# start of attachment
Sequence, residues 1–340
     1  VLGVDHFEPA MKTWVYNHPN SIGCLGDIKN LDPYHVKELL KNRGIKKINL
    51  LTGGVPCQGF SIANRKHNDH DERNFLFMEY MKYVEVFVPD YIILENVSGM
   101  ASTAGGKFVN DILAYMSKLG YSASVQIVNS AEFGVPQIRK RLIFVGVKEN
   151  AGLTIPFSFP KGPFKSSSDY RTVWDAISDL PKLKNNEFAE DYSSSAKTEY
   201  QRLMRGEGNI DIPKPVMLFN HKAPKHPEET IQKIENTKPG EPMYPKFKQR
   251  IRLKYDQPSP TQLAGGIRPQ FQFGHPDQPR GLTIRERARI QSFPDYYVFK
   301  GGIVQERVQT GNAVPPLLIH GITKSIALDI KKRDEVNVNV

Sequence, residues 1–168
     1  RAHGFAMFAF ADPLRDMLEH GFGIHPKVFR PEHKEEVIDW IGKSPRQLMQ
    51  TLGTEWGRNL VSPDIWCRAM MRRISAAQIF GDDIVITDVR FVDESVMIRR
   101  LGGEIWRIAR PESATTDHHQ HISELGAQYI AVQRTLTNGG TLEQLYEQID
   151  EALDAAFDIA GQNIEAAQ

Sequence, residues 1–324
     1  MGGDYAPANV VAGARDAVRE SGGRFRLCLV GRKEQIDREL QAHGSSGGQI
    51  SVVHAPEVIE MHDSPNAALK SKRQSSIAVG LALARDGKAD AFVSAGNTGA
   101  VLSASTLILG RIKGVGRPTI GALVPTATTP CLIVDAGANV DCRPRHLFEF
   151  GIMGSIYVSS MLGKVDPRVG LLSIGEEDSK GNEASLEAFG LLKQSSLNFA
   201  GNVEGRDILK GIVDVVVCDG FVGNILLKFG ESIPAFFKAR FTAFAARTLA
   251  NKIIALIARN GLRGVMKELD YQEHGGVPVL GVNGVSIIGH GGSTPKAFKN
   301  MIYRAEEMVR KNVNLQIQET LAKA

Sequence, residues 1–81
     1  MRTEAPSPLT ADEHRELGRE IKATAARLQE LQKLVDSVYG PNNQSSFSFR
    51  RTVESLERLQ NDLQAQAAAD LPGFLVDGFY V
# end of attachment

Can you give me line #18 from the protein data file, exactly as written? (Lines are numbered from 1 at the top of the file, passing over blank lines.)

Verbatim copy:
   151  GIMGSIYVSS MLGKVDPRVG LLSIGEEDSK GNEASLEAFG LLKQSSLNFA